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The following query is a contrived example that demonstrates a bug I found in a stored procedure this week.

    ID int IDENTITY(1,1),
    Value char(1)

INSERT INTO #temp(Value) Values('a')
INSERT INTO #temp(Value) Values('b')
INSERT INTO #temp(Value) Values('c')
INSERT INTO #temp(Value) Values('d')

    @i int,
    @ID int,
    @Count int,
    @Value char(1)

SELECT @Count = COUNT(*) FROM #temp
SET @i = 1
SET @ID = 2

WHILE @i < @Count
        @ID = ID,
        @Value = (SELECT Value FROM #temp WHERE ID = @ID)
        @i = ID

    PRINT @Value

    SET @i = @i + 1

At first glance the output should be a b c d but it isn't! It's b b c d. So the order of execution within a statement is not what we might assume it to be.

Is there a specific order of execution that can be relied on?

share|improve this question
Output of your given query is b a b – Kashif Jul 17 '10 at 10:25
Yeah you're right, but I won't change it now because everyone's already commented on it in their answers. :) – Phil Gan Jul 17 '10 at 10:55
up vote 4 down vote accepted

The WHERE clause in the line

@Value = (SELECT Value FROM #temp WHERE ID = @ID)

is uncorrelated with the WHERE clause here

    @i = ID

So, 1st loop

  • @i = 1, @ID = 2
  • In #temp, @ID = 2 so you get b
  • You then assign @ID with 1

2nd loop

  • @i = 2, @ID = 1
  • In #temp, @ID = 1 so you get a
  • You then assign @ID with 2

3rd loop

  • @i = 3, @ID = 2
  • In #temp, @ID = 2 so you get b
  • You then assign @ID with 3

Then it stops because of @i < @count

SQL has no "order of execution" as such because it's declarative. The SELECT clause is evalauted in one go, there is no expectation that says @ID will be assigned before it uses on the next line.

share|improve this answer

I'm surprised that it prints four letters on your system, @i < @Count should limit the output to 3 rows.

You can usually rely on column assignments being evaluated in order. But a subquery can be evaluated in a different order (or even be converted into a join for efficiency.) If you separate the assignments from the query using a subquery:

,       @Value = TheVal
FROM    (
        SELECT  ID
        ,       (SELECT Value FROM #temp WHERE ID = @ID) as TheVal
        FROM    #temp
        WHERE   @i = ID
        ) sub

The result should be reliable. Here, it's b a b because it starts with @id = 2, and then increases it with every loop after updating the TheVal value.

Relying on this kind of tricks makes for code that is hard to maintain. It can sometimes be necessary for performance, but if it isn't, try to write for clarity :)

share|improve this answer
You're right, it doesn't print four letters. I'm not at the office so I just tapped something out from memory. – Phil Gan Jul 17 '10 at 10:52
Also, I didn't write it! But I do have to fix it... – Phil Gan Jul 17 '10 at 10:54

In SQL, all expressions that appear in the same logical query processing phase are evaluated as if at the same point in time.

By this I mean, we cannot say that @ID= ID will be evaluated first, and then

@Value = (SELECT Value FROM #temp WHERE ID = @ID).

Besides, the order of execution of clauses is :







That's why the aliases of the SELECT clause can only be referenced in the ORDER BY clause.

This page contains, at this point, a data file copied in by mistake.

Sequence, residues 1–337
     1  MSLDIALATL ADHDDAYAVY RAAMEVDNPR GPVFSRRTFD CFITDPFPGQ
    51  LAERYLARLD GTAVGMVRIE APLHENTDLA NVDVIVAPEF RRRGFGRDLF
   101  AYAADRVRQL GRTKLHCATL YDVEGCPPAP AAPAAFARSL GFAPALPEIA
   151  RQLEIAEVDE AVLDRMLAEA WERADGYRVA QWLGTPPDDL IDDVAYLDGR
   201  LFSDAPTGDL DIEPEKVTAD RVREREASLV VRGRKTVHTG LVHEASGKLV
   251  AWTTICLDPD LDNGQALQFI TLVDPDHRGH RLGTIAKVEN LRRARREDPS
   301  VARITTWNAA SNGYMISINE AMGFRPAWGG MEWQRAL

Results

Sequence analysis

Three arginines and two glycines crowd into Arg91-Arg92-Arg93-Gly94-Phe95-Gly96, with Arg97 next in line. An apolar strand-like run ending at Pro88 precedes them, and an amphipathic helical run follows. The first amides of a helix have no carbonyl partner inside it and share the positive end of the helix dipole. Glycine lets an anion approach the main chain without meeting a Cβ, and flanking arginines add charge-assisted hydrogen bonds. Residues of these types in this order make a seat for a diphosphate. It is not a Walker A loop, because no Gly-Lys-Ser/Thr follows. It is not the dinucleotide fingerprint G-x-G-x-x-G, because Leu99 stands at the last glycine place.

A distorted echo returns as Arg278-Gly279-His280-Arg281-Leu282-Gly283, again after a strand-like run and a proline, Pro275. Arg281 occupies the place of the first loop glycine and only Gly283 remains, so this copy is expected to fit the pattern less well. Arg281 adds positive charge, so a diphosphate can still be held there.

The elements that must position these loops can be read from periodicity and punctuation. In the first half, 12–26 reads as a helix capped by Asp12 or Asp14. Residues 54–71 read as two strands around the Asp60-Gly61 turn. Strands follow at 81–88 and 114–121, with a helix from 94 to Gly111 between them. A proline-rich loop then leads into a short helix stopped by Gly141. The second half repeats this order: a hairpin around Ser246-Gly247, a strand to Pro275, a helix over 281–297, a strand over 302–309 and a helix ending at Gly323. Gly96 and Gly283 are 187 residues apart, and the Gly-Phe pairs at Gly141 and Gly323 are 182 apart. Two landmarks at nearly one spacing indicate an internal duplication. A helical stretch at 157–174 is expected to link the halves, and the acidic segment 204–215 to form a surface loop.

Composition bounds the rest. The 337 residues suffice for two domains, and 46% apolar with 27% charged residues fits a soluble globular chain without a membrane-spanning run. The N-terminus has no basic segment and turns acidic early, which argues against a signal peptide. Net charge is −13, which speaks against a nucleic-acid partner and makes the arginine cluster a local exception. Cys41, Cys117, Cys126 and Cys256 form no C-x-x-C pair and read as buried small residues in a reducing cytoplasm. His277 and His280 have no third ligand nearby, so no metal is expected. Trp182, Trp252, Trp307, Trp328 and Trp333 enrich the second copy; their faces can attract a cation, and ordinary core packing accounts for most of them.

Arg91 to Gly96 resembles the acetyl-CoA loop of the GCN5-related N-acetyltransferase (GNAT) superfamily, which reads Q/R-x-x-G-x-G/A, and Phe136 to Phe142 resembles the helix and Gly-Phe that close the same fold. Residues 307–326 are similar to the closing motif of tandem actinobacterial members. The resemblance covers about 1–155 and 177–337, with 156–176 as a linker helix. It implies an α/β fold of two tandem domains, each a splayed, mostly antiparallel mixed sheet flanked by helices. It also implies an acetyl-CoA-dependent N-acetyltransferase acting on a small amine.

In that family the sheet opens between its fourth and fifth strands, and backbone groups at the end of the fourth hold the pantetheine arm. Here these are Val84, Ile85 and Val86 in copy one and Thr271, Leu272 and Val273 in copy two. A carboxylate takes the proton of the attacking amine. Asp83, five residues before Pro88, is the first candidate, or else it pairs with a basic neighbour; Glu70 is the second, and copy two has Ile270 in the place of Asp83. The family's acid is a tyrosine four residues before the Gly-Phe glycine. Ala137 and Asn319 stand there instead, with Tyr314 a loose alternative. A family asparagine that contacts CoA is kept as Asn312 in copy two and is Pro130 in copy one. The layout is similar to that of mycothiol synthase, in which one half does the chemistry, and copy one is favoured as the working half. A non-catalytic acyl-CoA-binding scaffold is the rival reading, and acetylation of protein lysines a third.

share|improve this answer
So what ? It only inserts data to the table. The issue here is the query inside the loop. – Toan Nguyen Jul 17 '10 at 10:17

Let's take a look closer to your query:

  1. The first run:

    SELECT @ID = ID, @Value = (SELECT Value FROM #temp WHERE ID = @ID) FROM #temp WHERE @i = ID



so after

 @Value = (SELECT Value FROM #temp WHERE ID = @ID)

we get:

 @Value = 'b'

and the @ID value will equal 1 because of @ID=ID, since ID= 1 is the only value available after the


is executed.

  1. The second run

    @i=2 @ID=1

This run will print


3 . The third run @id=3 @ID=2

this run will print


Then the loop terminates !

that's why you got 'b' 'a' 'b'

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Actually, as I recently found out, there is a Logical Processing Order (though not a guaranteed physical execution order- as this is based on the query processor)

Ref: http://msdn.microsoft.com/en-us/library/ms189499.aspx

Logical Processing Order of the SELECT statement

The following steps show the logical processing order, or binding order, for a SELECT statement. This order determines when the objects defined in one step are made available to the clauses in subsequent steps. For example, if the query processor can bind to (access) the tables or views defined in the FROM clause, these objects and their columns are made available to all subsequent steps. Conversely, because the SELECT clause is step 8, any column aliases or derived columns defined in that clause cannot be referenced by preceding clauses. However, they can be referenced by subsequent clauses such as the ORDER BY clause. Note that the actual physical execution of the statement is determined by the query processor and the order may vary from this list. (emphasis mine)

  1. FROM
  2. ON
  3. JOIN
  4. WHERE
  10. ORDER BY
  11. TOP
share|improve this answer

Not sure what you are trying to achieve, and how you get your results.

I pasted your code into MSSQL 2008, and got

b a b

First, you have a "less than Count" comparison, resulting in only 3 records.

Next, you have two contradicting WHERE clauses, one with ID and one with i. The SELECT updates the ID.

Remove the subselect, and change to <= @Count, and you should get "a b c d"

share|improve this answer
If you read the question it says "contrived example". – Phil Gan Jul 17 '10 at 10:53

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